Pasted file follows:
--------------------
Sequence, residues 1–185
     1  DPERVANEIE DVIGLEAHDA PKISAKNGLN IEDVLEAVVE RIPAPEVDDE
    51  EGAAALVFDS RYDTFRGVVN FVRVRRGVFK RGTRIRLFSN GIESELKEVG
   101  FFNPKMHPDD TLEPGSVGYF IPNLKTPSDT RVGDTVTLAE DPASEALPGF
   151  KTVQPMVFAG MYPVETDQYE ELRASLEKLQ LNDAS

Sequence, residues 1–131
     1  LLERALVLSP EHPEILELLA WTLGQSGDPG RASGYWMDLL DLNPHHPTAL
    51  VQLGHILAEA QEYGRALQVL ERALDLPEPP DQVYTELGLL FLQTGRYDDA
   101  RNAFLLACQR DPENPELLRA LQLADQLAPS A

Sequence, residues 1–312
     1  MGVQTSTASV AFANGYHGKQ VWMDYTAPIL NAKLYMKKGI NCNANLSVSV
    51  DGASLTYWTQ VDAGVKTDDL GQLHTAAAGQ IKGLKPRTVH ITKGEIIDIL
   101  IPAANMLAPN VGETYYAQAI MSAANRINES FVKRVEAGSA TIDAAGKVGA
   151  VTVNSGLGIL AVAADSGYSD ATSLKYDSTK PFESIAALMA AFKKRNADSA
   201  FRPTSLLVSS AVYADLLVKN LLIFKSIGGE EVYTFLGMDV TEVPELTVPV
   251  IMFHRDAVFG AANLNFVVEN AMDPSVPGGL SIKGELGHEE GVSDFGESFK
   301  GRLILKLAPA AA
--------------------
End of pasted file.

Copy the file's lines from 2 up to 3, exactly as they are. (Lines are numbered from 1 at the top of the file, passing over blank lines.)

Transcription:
     1  DPERVANEIE DVIGLEAHDA PKISAKNGLN IEDVLEAVVE RIPAPEVDDE
    51  EGAAALVFDS RYDTFRGVVN FVRVRRGVFK RGTRIRLFSN GIESELKEVG